Vapor Pressure & Boiling

The molecules leaving a liquid through evaporation create an upward pressure as they collide with air molecules. This upward push is called the vapor pressure (sometimes called equilibrium vapor pressure). Due to differing intermolecular forces between molecules different substances have different vapor pressures and therefore different boiling points.

Video: Boiling & Vapor Pressure

The vapor pressure of a liquid lowers the amount of pressure exerted on the liquid by the atmosphere. As a result, liquids with high vapor pressures have lower boiling points. Vapor pressure can be increased by heating a liquid and causing more molecules to enter the atmosphere.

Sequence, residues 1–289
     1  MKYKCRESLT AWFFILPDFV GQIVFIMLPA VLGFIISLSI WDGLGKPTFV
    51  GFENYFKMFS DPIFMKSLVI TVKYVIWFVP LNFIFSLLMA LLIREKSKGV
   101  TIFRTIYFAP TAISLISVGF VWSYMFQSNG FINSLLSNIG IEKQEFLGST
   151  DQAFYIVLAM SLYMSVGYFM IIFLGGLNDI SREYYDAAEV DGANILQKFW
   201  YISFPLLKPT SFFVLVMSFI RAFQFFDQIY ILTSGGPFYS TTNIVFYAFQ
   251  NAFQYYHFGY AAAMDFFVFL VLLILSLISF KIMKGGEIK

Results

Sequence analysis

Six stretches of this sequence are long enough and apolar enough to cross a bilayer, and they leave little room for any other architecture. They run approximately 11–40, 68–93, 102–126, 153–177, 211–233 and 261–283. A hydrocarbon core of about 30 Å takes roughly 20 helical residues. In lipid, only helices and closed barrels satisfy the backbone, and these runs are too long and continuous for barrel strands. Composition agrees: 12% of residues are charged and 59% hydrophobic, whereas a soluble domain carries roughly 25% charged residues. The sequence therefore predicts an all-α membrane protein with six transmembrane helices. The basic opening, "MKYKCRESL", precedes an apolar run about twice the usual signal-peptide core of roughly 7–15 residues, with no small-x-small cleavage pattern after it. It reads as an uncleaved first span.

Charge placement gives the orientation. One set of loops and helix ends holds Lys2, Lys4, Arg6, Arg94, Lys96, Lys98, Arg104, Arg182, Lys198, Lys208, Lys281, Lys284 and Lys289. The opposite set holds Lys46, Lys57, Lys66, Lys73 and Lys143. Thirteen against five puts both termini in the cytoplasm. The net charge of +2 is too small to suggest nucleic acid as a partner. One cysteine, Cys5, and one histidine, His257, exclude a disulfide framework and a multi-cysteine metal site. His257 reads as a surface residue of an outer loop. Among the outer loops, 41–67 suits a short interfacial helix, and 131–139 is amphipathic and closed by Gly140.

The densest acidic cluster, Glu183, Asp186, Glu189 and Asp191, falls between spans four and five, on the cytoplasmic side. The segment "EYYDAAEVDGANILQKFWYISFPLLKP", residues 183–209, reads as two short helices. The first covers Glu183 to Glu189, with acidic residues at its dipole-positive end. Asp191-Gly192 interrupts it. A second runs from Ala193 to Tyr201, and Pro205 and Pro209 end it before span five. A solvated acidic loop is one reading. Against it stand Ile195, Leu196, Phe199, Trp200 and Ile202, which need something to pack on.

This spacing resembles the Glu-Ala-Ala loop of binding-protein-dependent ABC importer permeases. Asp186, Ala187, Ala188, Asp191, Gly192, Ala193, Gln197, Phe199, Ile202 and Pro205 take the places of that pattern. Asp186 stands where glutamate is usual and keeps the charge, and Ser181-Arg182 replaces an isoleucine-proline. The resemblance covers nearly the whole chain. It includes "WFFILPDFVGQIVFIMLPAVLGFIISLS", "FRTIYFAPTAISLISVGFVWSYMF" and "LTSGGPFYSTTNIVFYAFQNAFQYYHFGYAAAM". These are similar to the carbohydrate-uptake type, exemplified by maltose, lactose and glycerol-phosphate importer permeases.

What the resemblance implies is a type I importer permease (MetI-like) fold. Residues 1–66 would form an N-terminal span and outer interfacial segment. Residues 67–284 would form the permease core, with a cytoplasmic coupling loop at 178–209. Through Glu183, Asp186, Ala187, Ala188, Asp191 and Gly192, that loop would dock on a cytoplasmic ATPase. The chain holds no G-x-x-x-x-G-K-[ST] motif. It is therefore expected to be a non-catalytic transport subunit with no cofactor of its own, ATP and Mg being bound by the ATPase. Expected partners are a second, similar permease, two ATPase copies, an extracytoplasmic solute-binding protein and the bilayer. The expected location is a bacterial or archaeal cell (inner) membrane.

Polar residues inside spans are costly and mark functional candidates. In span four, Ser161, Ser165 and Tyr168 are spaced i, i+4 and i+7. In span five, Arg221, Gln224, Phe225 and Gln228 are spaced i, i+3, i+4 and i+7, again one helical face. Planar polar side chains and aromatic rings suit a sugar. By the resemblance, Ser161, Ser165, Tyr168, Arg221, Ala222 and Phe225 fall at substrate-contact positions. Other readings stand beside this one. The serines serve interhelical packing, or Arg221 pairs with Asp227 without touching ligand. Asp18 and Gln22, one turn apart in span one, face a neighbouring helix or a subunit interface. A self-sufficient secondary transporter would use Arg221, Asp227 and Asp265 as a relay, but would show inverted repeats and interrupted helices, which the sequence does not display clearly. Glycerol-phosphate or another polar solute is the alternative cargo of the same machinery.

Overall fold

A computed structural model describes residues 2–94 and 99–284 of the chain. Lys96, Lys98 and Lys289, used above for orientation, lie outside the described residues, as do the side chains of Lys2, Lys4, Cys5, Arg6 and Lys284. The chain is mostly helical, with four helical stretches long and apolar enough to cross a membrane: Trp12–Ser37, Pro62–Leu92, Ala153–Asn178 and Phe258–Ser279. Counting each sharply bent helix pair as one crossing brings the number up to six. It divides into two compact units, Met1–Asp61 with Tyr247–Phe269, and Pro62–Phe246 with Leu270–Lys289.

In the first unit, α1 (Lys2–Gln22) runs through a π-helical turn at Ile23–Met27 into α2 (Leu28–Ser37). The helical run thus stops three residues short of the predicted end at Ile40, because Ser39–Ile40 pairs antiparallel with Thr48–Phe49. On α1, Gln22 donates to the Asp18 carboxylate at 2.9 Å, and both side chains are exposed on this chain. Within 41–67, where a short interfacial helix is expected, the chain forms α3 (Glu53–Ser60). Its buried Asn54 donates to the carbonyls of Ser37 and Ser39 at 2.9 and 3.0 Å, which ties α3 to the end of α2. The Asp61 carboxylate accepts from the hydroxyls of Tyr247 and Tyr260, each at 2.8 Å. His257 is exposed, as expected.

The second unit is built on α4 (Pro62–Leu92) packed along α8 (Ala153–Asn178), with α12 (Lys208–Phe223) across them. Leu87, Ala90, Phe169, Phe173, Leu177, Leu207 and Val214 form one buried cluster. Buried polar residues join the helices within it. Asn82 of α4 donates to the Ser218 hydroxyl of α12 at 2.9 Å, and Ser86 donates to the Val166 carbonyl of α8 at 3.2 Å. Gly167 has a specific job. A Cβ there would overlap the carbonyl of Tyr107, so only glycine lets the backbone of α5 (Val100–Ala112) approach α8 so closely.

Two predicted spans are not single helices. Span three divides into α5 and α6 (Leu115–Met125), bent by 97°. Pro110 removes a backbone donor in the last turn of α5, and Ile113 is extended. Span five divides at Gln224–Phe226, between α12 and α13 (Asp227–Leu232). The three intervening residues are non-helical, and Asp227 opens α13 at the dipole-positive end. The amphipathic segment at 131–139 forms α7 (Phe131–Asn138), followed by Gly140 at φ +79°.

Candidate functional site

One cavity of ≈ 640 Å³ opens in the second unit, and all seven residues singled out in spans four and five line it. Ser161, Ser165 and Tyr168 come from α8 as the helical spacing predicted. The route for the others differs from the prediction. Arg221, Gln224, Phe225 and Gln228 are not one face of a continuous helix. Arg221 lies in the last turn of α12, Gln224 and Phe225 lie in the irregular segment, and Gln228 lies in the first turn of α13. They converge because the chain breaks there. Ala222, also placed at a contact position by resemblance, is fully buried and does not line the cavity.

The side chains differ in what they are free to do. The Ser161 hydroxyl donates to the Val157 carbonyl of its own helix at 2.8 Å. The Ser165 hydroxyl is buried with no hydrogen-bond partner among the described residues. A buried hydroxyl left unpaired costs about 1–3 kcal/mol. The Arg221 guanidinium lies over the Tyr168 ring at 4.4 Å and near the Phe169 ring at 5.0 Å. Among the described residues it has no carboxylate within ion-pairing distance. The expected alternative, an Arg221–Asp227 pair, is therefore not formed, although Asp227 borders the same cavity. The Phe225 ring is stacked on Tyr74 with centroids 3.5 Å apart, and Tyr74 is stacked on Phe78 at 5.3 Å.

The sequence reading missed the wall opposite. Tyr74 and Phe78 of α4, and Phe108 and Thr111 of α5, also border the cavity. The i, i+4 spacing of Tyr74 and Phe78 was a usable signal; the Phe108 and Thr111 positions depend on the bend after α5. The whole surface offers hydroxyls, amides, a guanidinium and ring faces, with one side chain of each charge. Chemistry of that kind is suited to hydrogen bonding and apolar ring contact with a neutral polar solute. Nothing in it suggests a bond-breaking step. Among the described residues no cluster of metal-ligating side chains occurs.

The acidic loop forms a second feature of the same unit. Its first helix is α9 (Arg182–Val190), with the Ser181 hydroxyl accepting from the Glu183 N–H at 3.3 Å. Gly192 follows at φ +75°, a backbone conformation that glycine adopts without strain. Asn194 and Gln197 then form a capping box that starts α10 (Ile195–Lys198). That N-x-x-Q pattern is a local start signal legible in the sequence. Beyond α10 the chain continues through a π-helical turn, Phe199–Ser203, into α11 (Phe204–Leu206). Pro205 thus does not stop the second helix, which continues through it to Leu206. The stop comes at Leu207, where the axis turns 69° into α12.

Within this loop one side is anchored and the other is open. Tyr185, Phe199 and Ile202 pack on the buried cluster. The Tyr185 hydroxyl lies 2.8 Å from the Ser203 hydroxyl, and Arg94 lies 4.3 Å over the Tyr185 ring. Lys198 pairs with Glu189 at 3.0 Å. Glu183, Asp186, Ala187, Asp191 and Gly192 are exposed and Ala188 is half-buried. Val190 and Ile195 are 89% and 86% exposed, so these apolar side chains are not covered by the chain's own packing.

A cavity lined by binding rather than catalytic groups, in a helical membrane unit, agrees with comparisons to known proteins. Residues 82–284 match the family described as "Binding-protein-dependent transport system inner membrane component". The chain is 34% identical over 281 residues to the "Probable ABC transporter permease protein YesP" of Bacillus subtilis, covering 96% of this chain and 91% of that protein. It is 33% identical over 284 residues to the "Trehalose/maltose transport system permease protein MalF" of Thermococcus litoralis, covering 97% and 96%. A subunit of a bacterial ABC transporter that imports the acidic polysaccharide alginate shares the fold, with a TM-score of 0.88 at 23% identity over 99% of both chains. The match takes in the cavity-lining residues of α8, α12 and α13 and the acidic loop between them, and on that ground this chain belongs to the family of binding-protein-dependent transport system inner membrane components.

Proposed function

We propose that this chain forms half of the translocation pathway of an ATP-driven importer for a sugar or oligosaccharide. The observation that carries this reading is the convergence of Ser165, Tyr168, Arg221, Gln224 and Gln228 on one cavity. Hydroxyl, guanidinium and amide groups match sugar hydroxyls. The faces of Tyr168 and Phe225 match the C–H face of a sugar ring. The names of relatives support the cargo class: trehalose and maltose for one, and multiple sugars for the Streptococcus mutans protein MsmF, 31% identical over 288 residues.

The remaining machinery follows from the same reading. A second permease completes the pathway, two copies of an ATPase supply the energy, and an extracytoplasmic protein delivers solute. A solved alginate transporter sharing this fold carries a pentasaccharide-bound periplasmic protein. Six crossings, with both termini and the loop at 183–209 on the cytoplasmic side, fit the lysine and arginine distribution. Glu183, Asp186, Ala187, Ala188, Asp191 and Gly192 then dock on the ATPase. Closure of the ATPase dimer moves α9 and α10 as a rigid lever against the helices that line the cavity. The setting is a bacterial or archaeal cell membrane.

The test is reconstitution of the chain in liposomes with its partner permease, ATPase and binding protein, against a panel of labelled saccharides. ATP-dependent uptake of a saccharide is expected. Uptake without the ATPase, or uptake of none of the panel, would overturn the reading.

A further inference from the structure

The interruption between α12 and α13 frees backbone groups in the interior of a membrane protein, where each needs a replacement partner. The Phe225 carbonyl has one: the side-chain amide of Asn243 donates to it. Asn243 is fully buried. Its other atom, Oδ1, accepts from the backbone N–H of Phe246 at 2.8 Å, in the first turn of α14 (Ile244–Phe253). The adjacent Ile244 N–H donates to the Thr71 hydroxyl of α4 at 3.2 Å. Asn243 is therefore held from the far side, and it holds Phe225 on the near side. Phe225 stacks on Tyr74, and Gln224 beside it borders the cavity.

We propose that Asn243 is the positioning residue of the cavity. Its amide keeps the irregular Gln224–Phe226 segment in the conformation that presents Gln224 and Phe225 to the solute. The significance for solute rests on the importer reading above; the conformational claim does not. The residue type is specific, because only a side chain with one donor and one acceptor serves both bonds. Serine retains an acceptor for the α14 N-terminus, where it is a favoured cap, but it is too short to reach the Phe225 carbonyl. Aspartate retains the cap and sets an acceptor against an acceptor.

Boiling will occur when the vapor pressure is equal to the atmospheric pressure. This is called the boiling point.

Without any external pressure the liquid molecules will be able to spread out and change from a liquid to a gas. The gas, as bubbles in the liquid, will rise to the surface and be released into the atmosphere.

In general, liquids with a lower boiling point will exert higher vapor pressures.

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